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Monday, January 13, 2014

Root Fig Cuttings in February and March

Q. I just came across one of your oldest articles about growing fig trees in Las Vegas and I would like toask you when is a good time to cut off some of the bottom branches to make a new tree. I got this tree about 2 years ago from California and has been growing fast and big in my backyard.

A. Figs are pretty easy to root provided you take the cuttings at the right time. The next months of  February and March is the best time. You can root them in small pots or directly into the ground. 

You can use rooting hormone if you want or not. They don’t need rooting hormone but usually get more roots if you use it. You can get Rooting Hormone at Plant World Nursery on Charleston. In fact, I just bought some because I can usually get better luck using it. 
Hormex is a rooting hormone that contains IBA, NAA and hormones such as B1. I call it the "shotgun" approach.

Contains IBA as the rooting compound. Not labeled for food crops.

There are many ways to do it. The easiest is to stick it into the soil where you want it to root and then you don’t have to replant it. If your limbs are low enough you can just bend them into a trench in the ground, peg them so they stay put, water the trench and mulch the soil heavy. They will root directly in the soil as well still attached to the tree. As soon as you see roots forming, cut the rooted limb from the tree and transplant it.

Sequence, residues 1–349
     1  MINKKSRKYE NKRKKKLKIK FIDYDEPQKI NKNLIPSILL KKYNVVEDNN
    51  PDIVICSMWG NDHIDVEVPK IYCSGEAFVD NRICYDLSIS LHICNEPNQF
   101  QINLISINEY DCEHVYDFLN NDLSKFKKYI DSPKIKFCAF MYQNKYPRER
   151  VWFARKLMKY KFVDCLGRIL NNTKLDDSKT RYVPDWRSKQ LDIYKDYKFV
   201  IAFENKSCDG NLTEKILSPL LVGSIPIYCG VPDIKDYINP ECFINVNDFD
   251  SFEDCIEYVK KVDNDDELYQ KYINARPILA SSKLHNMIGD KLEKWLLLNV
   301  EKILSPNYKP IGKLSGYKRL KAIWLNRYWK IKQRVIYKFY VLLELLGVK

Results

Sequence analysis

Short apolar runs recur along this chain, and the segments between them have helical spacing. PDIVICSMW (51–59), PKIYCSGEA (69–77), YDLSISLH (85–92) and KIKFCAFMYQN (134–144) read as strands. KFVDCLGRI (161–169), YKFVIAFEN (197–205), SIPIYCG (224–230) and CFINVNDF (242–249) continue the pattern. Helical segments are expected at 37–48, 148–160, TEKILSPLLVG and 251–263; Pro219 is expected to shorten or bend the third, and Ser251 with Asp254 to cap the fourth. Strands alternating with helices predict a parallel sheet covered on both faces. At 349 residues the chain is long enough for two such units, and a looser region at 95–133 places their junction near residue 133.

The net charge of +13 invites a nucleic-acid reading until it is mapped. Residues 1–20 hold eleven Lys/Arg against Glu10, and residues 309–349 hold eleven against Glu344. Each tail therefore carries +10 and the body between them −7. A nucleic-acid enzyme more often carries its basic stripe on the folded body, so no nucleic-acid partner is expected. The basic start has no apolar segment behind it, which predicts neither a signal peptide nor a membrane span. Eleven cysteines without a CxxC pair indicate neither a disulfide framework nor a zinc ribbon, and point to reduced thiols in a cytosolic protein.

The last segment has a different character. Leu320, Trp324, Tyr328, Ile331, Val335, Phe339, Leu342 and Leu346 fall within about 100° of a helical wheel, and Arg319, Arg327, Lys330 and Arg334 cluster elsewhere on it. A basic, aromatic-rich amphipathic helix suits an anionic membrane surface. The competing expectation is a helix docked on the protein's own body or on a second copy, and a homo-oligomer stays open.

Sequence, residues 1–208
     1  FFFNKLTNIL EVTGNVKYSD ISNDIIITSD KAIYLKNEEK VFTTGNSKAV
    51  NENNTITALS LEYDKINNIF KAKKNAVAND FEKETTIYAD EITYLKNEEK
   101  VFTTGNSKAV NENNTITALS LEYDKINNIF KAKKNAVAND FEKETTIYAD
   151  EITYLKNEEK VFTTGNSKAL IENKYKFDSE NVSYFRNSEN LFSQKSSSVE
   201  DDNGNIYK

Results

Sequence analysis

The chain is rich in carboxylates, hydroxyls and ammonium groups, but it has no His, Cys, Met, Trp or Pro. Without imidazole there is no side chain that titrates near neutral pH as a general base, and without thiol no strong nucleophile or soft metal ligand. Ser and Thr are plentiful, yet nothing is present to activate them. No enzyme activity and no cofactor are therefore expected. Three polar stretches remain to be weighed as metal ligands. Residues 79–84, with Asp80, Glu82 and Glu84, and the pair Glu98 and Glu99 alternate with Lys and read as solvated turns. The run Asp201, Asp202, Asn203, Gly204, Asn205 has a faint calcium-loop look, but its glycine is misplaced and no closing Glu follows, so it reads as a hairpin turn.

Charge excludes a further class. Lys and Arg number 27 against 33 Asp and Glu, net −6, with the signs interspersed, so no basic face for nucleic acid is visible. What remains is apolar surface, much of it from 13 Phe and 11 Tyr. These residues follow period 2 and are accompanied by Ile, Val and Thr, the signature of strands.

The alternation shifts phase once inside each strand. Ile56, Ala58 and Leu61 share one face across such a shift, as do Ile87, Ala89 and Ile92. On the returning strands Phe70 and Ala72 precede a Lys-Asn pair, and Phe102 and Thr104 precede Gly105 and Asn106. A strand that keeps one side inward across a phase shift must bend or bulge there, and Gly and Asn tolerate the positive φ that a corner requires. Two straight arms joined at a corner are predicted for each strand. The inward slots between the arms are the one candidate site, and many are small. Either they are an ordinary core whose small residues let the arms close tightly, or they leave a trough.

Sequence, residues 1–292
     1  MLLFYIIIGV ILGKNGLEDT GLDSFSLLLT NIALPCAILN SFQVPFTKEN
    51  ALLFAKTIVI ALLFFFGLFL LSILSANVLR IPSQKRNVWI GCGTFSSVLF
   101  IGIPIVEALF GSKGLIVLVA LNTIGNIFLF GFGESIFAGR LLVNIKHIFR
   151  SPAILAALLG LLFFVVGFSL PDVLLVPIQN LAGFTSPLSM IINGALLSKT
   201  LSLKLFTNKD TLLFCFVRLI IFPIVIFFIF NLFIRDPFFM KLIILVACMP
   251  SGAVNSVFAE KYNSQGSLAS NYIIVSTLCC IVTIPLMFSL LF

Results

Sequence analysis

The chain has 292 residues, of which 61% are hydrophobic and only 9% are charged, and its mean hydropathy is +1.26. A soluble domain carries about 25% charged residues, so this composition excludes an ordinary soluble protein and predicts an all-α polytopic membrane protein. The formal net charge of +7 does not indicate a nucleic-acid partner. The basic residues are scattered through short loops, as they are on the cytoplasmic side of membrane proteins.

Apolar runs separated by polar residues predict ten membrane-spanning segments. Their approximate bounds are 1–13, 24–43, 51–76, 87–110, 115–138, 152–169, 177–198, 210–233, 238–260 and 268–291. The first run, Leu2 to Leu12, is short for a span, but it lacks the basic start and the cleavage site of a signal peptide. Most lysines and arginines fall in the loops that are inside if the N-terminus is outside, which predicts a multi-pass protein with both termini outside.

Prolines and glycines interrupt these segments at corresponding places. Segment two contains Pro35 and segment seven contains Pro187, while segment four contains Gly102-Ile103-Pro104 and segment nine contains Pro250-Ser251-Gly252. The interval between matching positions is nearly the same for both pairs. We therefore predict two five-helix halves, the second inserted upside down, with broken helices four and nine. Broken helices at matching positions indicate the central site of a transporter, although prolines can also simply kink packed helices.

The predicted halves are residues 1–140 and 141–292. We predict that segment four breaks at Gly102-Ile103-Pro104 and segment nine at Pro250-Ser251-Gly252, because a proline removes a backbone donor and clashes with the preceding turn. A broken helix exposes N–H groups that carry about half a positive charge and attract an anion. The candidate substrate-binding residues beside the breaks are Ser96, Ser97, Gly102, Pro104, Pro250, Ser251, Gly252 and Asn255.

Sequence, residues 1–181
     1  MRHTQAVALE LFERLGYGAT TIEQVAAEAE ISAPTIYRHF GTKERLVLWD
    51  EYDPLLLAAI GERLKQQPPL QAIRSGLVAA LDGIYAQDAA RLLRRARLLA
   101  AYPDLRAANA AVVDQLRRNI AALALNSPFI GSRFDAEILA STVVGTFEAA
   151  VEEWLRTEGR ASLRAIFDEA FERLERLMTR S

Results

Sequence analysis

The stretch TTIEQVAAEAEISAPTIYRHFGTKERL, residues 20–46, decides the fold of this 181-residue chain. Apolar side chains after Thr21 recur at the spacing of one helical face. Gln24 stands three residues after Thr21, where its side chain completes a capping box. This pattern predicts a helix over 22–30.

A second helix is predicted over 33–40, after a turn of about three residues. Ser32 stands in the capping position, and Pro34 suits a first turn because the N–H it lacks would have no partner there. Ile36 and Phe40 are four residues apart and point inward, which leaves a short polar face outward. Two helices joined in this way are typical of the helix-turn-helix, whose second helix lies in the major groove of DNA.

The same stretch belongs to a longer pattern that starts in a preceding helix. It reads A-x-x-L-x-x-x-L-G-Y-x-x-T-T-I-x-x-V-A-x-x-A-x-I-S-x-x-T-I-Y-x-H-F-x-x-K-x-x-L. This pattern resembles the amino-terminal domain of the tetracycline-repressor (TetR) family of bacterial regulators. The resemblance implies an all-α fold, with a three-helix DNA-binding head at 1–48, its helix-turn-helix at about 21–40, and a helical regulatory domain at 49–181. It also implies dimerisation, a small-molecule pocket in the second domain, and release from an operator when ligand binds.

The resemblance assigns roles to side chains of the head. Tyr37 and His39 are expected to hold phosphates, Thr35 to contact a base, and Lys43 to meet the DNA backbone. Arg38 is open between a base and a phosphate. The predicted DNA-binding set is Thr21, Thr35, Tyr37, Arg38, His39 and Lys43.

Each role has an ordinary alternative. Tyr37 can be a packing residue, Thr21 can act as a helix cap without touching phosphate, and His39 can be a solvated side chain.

This is a grape cutting but you can see the new growth from buds on the cutting
            Use amended garden soil (with compost) or potting soil. Make sure the soil drains easily. Cut last year’s growth, around pencil sized diameter, into pieces about 8-12 inches long. Stick them vertically into the soil so at least two buds are in contact with soil. Roots can come from any place on the cutting that has a bud in contact with the soil. So make sure that there are at least three buds on the cutting. Stick it vertically in the soil. You should have two buds in the soil, the rest above the soil. One bud above ground is all you will need.

It will root faster if the soil is warm so find a warm location for the potted cutting like on top of the refrigerator if indoors. If the soil is warm you could expect roots in about three to four weeks. I would stick several in the same container a few inches apart in case some don’t take. As soon as you see leaves, put them outside in the sun.

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